The ideological distance between Trump’s economic and foreign policy and George W. Bush’s has collapsed.
From the perspective of 2017, more than eight years after Bush departed office, the comparison between the two presidents may sound comforting. That is largely because Bush has disappeared into his painting studio, his reputation benefitting from both his general absence from the political scene and the particular contrast with his frightening, orange quasi-nemesis. It is easy to look back on Bush’s tenure as comparatively benign — but Bush’s presidency was a period of gross misgovernance. His legacy includes not only Iraq and Katrina, but his obsession with cutting taxes for the rich, a comprehensive fealty to the business lobby, rampant corruption, refusal to take any steps to limit climate change, and a deregulatory agenda that set the conditions for the worst financial crisis since the Great Depression.
The Bush presidency was the most comprehensive governing failure of any administration since at least Herbert Hoover, and it ought to have poisoned the party’s national brand as deeply as it did Hoover’s GOP (which did not win another presidential election for twenty years). But the Republican Party managed to largely skirt the reputational fallout from the Bush catastrophe. It did so, in part, through the tea party: Conservatives hailed right-wing protests against Barack Obama as a call for ideological purity, cleansing the supposed big-government, cronyist tendencies of the Bush administration. The Republican Party of the Obama era insisted it had learned the lessons of the Bush years, when its agenda had devolved into little more than shoveling cash to K Street. The post-Bush GOP was allegedly sadder and wiser and filled with righteous abhorrence for the temptations of lobbyists and deficit spending.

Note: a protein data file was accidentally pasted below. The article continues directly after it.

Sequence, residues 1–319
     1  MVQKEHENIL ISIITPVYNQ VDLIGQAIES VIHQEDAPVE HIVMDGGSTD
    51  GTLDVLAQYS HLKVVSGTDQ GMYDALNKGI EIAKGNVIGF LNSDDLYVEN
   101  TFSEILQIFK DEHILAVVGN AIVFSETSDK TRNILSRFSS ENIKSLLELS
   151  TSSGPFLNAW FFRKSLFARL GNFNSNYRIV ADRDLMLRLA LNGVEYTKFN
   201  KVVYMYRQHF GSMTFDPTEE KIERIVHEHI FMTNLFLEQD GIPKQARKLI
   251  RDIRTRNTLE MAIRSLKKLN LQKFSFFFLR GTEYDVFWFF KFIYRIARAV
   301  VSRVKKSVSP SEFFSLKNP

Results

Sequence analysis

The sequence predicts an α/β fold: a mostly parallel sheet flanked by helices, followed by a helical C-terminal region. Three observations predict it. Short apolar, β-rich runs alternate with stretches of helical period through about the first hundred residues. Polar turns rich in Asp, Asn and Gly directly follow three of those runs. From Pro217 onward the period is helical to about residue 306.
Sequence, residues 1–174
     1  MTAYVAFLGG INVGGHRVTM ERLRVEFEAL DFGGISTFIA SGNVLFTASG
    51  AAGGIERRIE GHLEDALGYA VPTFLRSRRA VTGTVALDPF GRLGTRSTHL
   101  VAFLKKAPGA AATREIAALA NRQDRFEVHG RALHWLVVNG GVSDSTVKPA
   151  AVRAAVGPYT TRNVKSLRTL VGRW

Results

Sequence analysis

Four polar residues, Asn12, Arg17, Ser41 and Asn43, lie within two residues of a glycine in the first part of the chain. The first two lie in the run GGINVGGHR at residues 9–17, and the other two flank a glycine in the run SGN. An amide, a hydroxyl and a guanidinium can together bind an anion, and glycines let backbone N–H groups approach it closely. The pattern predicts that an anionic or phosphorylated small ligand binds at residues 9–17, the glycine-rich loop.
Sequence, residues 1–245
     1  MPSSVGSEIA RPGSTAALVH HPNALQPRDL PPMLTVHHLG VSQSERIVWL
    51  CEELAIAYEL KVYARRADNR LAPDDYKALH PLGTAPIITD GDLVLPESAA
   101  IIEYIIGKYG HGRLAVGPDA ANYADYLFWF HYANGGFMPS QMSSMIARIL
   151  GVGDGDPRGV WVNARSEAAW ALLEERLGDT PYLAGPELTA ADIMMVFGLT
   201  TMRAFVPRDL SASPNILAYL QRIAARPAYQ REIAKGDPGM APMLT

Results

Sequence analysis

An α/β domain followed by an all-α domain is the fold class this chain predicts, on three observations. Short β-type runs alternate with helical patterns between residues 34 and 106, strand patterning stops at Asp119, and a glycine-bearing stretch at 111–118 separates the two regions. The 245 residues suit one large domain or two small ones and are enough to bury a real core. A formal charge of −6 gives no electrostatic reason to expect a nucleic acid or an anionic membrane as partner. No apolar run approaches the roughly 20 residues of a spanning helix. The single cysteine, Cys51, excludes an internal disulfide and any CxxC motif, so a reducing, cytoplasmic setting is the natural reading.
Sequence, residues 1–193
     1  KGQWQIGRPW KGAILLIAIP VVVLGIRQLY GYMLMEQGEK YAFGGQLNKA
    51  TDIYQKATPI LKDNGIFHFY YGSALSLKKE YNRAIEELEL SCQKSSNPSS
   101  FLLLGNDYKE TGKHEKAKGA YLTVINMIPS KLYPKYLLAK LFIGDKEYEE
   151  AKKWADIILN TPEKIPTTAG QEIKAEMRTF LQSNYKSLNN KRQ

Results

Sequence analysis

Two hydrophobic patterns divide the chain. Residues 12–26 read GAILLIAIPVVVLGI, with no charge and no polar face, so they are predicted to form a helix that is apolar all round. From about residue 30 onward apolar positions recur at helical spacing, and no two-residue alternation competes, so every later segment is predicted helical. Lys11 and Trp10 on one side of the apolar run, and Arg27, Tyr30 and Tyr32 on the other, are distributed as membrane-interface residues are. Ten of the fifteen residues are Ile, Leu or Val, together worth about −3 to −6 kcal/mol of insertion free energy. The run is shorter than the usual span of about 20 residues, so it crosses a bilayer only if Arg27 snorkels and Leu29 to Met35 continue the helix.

The evidence suggests that Trump's regime (it is not an administration, because that word has some basis in respecting institutions and the rule of law) is utterly lawless and unhinged and virtually unstaffed at every level. It is inherently racist at all levels, and none more so than in the office of the Attorney General. The U.S. Department of Justice is in the hands of an elfin white supremacist who simply hasn't the time to put on his hood before showing up for work. Incompetent reigns at all levels under Trump. In the Bush Administration, when officials were proven to be incompetent, they were actually fired.
For example, consider the case of Michael "Brownie" Brown and his inept leadership at FEMA. In the Bush Administration, which was awful at every level, a Brownie gets hired, is given a chance to dismantle or disrupt the organization, and is expected to make everything reflect well enough on Bush to keep the media at bay. When it was apparent that Brown was incompetent, he was fired, but only after lengthy deliberations.
In a Trump regime, not only is Brownie kept on the job, he can expect a promotion if he can steal for Trump and his children, satisfy his handlers in Moscow, and associate openly with Nazis, public masturbators, wife beaters, pussy grabbers, winos and thugs. A Trump appointee must ignore the law, defy the media, and look good on television. Therein lies the difference.